I am sad that “Next To You” and “She’s Too Good” seem to be needless to one of the reviewers below. They are just about joy and keeping the project alive and exciting. The opening of “She’s Too Good” was written with the same kind of spirit that I get when listening to the last movement of Stravinsky’s Violin Concerto. None of the arrangers, including myself, have any patience for pastiche though, trying to sound like this composer or that composer. Absolutely not. Rather; we were all energized by the remarkable chance to work on arrangements for one of the most gifted and wonderful songwriters of the last 30 years. I hope Brian will give the disc a second and third listen and I hope some of you who are disappointed by the orchestration on these at least understand where this album came from. It would take my entire life to answer every bad review. It is probably silly to even write this but I love talking about concepts and music and I found most of these reviews smart, engaged, and written with care. Sting is great to watch when dealing with harsh criticism. I paraphrase: The Arts are all about exploration, he would say. Self doubt and criticism can creep in and make you question trying different things. Avoid it at all costs.

He loves singing “Roxanne” and “Every Little Thing”, which I arranged as a tribute to the Latin underpinnings behind the original recording (we have actually done a new mix of it with all new percussion called the “Bronx Street Fair Mix” which is incredibly rhythmic and pumping and it should be available on the upcoming vinyl release). He loves singing “Englishman…” and “Next To You” and recognizes the gift he has received: the reality that so many people want to hear him sing these iconic songs. He just wants to keep it interesting. I admire him for it and working on this project was a privilege.

Above all listen to that voice. Just extraordinary! I hope you check it out. It came from the heart. Thanks Brian for getting me thinking. Music, music, music, music!!!!!

Rob Mathes

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5 Responses to “Janelle Monae—Symphonicities–#1 on Pop itunes on 7/13/10-release day–great reviews, a couple not so great-Welcome to Planet Earth-Bettye Lavette-Matthew Morrison”

  1. Kris Says:

    Rob,

    Thank you for the detailed explanation of the work. Some I read, some I scanned through, I admit! It seems I have no problem with Sting touring and making a recording of previously released material! What a thrill for anyone to have the opportunity to play with such esteemed orchestras. Hello! Will all the tracks (bonus tracks etc.) at some point be available on iTunes or in a digital format? I’m not buying each CD! I saw Sting at Red Rocks and it was memorable; I’ll be purchasing some tracks.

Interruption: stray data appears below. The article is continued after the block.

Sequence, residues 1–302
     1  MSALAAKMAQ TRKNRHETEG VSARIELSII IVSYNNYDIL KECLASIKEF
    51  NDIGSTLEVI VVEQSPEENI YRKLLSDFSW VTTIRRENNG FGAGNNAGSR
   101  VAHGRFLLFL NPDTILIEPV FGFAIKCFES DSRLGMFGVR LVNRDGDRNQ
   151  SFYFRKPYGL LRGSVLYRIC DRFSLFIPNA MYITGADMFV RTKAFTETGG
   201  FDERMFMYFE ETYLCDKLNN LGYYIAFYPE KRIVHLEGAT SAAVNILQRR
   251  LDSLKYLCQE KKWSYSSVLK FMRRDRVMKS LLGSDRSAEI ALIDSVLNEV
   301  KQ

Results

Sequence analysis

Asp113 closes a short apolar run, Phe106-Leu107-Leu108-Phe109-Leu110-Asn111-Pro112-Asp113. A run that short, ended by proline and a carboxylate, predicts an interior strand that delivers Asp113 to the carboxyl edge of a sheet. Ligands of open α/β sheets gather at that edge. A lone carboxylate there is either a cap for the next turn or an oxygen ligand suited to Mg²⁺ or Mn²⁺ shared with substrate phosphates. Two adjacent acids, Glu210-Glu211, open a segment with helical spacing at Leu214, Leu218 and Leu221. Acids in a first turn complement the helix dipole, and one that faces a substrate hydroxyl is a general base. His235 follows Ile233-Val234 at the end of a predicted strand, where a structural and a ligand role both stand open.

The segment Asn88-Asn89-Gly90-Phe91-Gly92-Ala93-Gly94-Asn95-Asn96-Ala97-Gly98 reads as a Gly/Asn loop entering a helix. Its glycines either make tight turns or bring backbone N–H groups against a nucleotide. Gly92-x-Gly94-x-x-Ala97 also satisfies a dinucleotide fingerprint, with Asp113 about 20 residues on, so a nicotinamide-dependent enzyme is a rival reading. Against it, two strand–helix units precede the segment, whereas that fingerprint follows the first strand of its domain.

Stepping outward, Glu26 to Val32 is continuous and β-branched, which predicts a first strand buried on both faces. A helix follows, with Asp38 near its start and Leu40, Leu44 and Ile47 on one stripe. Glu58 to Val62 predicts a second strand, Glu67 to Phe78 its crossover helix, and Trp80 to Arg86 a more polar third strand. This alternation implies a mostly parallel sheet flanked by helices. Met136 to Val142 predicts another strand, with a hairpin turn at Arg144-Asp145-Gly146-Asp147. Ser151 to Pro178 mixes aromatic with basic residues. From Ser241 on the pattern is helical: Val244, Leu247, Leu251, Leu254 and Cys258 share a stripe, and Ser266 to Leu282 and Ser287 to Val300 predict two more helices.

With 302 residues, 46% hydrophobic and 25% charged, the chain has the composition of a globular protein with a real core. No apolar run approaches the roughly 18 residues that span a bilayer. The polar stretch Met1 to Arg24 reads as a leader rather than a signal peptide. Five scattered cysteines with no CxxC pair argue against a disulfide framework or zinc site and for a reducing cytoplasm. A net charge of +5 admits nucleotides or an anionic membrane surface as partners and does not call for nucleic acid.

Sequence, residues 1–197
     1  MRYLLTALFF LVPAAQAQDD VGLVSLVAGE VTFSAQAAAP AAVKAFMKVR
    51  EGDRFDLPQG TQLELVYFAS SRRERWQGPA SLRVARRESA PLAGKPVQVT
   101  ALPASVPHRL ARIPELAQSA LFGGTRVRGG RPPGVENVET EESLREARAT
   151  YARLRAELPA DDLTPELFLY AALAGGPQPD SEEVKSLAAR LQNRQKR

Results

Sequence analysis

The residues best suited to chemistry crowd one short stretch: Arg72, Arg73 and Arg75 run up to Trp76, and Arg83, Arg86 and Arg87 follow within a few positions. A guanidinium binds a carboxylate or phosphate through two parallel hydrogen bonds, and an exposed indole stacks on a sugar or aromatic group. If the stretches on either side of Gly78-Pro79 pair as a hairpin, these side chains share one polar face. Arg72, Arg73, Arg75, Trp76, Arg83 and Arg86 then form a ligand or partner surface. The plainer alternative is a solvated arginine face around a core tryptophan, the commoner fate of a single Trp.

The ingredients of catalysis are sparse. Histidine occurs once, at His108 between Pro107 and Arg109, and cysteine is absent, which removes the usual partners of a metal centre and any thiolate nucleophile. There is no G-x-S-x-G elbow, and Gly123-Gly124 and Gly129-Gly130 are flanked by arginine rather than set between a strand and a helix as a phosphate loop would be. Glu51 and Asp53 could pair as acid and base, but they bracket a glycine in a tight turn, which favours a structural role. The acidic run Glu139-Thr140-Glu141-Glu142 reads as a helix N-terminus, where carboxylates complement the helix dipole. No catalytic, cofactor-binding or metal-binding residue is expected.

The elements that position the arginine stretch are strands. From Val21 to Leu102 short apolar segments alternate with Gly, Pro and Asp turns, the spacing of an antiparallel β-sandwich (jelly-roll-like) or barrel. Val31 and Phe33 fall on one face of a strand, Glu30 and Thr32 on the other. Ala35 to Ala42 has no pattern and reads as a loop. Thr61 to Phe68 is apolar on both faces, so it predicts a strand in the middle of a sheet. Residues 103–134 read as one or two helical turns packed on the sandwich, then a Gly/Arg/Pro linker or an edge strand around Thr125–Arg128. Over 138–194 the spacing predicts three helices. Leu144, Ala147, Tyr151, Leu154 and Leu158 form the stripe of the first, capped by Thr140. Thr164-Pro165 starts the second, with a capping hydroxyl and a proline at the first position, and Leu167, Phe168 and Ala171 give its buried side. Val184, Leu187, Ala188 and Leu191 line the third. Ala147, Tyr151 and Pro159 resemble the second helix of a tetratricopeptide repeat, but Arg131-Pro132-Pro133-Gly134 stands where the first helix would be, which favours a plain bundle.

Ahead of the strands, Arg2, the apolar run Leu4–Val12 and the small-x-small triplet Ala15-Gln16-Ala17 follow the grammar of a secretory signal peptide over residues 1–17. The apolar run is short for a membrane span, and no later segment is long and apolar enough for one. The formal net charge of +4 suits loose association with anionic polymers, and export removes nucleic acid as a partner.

Having said that, if I never hear Roxanne again, it will be too soon! I never have liked that song! (Sorry!) It seems to follow him wherever he goes…any live album he cuts. Let it die, already. Let it go! Again, sorry! I just don’t think it’s, “all that.”

    Best…going to watch Sting now on The Early Show,

    Kris

  2. Kris Says:

    Rob,

    Will you be so kind as to detail the different CD/bonus track options and where we can get them?

    Thank you,

    Kris

  3. robmathes Says:

    Hey Kris,

    I believe that eventually this year, there will be a way to get all the various tracks somehow in one place. For now, not because of Sting—he would have put them all on, the marketplace is so tough for retailers that the big ones like to offer bonuses that just appear on their store. Itunes has Why Should I Cry. Best Buy has Straight To My Heart. I haven’t seen Whenever I Say Your Name yet but that was to be an Amazon bonus cut though it may be Amazon.co.uk The Bronx Street Fair MIx of Symphonicities will be on the vinyl. Look for all of these eventually Kris in one place. I believe Amazon.co.uk alludes to a Symphonicities + 3 which will be available later in the year. That’s the best I can do for you at this point Kris and all I know. All the best, R

  4. Kaili Kinnon Says:

    Rob,

    As a long time Sting fan, and having just seen Peter Gabriel perform “Scratch My Back” in Montreal, I was extremely excited when I heard about Sting’s orchestral project. I was even more excited when I heard about your involvement in it as “William the Angel” is one of my family’s all time favorite Christmas albums and “Evening Train” is definitely in my top ten albums.

    My dad bought the Sting album, and we have been listening to it almost non-stop. Each listen has proven more enjoyable as I discover different layers of the wonderful arrangements. The current faves in our household are “Next to you”, “I hung my head” and “We work the black seam”.

    Thanks for your wonderful response to the reviews, it helped me to understand the impetus for the album that much more. I can’t wait to get my hands on “Whenever I say your name.”

    Hello from the Kinnons in Toronto!